This project serves as an example/template for building an application using WebAssembly Component Model (and in this case, an app for Ziverge's Golem Cloud. It is my recommendation on how to structure such a project.
cargo-component project by Bytecode Alliance greatly smooths out the development process in building WebAssembly Component Model applications (in Rust). You will define your app's public data structures (records and enums) and function interfaces in a
wit (Wasm interface type) file, which is then used to generate the Rust bindings for your Wasm component. The generated code sits in a module somewhere inside the
target directory. Running
cargo component build will build a valid codebase successfully.
Sadly, as of this writing, the regular Rust tooling (e.g. rust-analyzer) lacks visibility to this module. As a result, red squiggly lines will likely appear in our IDE for any data types defined in the
wit file. Additionally,
cargo test will fail because it cannot resolve those references.
This is the motivation of creating a project structure that allows us to follow the development process we have accustomed to: write and run tests locally, as well as running them on CI.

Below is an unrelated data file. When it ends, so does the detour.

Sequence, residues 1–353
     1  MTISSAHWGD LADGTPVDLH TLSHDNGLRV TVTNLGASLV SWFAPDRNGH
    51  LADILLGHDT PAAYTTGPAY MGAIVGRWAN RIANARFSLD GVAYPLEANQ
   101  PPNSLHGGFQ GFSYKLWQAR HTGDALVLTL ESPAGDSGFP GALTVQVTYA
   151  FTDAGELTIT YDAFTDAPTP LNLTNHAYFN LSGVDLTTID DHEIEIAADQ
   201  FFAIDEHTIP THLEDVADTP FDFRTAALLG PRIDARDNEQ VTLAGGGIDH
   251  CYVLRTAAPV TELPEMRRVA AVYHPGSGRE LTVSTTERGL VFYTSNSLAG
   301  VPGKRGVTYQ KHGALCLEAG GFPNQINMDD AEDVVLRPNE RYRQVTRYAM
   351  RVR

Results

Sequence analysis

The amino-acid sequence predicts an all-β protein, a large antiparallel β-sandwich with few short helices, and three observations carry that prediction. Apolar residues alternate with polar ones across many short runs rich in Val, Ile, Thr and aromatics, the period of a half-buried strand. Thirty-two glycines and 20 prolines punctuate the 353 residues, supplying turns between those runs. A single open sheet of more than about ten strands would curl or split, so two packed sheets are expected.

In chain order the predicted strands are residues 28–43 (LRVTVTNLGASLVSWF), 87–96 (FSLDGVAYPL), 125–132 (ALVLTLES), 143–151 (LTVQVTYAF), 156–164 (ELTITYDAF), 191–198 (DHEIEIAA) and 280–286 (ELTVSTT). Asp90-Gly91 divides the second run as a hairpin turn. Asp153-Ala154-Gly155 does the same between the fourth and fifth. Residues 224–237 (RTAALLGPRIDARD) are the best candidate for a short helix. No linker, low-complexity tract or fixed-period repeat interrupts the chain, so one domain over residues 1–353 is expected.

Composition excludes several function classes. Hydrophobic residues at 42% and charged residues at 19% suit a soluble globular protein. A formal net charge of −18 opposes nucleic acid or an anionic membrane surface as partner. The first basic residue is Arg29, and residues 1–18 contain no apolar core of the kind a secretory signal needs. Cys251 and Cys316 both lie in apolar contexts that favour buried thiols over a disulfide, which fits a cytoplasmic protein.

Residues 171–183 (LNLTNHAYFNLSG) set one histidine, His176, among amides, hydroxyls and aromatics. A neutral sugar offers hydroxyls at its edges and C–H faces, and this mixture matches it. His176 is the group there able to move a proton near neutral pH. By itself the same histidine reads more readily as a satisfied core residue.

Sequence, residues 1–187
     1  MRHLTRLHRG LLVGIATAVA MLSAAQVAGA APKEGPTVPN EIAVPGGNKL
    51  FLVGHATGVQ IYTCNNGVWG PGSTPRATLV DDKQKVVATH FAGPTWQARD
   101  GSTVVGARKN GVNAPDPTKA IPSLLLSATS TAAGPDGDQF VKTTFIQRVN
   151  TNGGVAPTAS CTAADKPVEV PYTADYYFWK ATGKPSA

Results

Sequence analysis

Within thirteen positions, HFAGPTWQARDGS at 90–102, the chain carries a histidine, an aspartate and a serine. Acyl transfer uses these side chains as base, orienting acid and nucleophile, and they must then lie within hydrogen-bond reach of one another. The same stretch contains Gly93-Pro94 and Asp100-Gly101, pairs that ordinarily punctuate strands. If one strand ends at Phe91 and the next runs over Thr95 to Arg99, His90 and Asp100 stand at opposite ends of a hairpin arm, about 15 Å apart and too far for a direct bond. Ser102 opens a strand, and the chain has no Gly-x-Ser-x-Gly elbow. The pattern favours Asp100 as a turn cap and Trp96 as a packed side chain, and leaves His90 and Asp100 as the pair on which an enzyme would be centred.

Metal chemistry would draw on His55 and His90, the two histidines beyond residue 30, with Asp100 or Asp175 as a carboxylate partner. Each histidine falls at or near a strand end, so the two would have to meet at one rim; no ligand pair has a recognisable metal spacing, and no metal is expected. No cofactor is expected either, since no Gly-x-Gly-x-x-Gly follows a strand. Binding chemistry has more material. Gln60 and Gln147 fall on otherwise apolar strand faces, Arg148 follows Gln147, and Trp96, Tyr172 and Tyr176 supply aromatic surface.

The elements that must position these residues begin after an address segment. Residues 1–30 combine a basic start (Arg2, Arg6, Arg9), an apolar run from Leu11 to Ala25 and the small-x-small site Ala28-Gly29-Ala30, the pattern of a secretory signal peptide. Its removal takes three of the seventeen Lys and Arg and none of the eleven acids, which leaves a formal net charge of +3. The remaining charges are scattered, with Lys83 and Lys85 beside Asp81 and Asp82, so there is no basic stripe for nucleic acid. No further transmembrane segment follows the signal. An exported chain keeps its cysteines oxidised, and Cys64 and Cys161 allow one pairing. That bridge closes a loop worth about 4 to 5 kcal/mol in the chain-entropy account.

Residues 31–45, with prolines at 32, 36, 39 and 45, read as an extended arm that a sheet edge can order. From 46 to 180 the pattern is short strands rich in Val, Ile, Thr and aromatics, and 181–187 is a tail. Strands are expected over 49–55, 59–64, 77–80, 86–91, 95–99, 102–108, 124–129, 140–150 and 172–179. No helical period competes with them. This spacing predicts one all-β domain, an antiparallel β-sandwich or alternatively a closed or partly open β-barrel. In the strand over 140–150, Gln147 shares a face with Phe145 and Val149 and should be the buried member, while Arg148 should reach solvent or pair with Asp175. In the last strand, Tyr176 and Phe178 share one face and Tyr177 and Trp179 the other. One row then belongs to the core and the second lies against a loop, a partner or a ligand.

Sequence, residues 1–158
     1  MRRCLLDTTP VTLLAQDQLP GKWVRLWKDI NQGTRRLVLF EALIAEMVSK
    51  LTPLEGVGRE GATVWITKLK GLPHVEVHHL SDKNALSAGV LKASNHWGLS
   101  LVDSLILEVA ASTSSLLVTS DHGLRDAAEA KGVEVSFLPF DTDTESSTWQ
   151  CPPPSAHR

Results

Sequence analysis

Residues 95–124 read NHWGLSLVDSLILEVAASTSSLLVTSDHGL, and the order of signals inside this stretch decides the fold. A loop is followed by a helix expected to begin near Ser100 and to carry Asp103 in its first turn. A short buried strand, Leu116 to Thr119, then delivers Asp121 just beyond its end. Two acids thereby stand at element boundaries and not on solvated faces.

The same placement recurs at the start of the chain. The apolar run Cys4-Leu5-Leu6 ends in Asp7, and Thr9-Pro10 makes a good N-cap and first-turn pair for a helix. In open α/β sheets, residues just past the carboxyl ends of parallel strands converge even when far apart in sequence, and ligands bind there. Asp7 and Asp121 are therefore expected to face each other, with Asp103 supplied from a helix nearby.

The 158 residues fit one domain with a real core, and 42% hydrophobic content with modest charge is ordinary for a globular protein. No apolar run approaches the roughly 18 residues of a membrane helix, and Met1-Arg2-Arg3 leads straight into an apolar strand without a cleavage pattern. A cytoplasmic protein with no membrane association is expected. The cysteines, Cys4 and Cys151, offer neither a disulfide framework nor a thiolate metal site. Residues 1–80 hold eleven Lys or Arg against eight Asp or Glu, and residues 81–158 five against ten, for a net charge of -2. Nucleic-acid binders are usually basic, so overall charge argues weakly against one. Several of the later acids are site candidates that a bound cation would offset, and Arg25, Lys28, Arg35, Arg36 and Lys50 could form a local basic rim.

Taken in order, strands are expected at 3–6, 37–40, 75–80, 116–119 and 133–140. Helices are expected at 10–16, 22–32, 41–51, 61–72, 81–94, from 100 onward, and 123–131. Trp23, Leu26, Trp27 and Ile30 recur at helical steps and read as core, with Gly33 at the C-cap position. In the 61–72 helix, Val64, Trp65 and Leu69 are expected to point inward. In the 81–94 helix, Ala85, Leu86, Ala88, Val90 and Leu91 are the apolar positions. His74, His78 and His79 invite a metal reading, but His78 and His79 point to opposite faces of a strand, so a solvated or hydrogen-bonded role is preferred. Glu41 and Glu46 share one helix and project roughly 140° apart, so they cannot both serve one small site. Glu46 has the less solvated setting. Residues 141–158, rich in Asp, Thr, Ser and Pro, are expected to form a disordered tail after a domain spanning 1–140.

Although discussing the merits (and the associated costs) of writing (and maintaining) tests is out of scope here, the ability to test our apps locally in this case can be quite desireable. Even though it's feasible to test and debug our apps directly in the cloud, the feedback loop of such practice is much slower, let alone the time wasted on rebuilding and redeploying apps. This project (template) makes it possible to run tests without having to change or disable regions of our Wasm component code merely for testing purposes. It's my current recommendation on building WASI apps until
cargo-component improves (or better alternatives become available).
Before I start the walkthrough and explain the project structure, make sure you have set up Rust's toolchain and installed
cargo-component. Please refer to Golem Cloud documentation for instructions.
1. Core module
The core business logic of our application goes into the
lib module, where our code can be organized into logical units and only a select set of functions (and structs) are exposed as public APIs. This is quite common in Rust applications.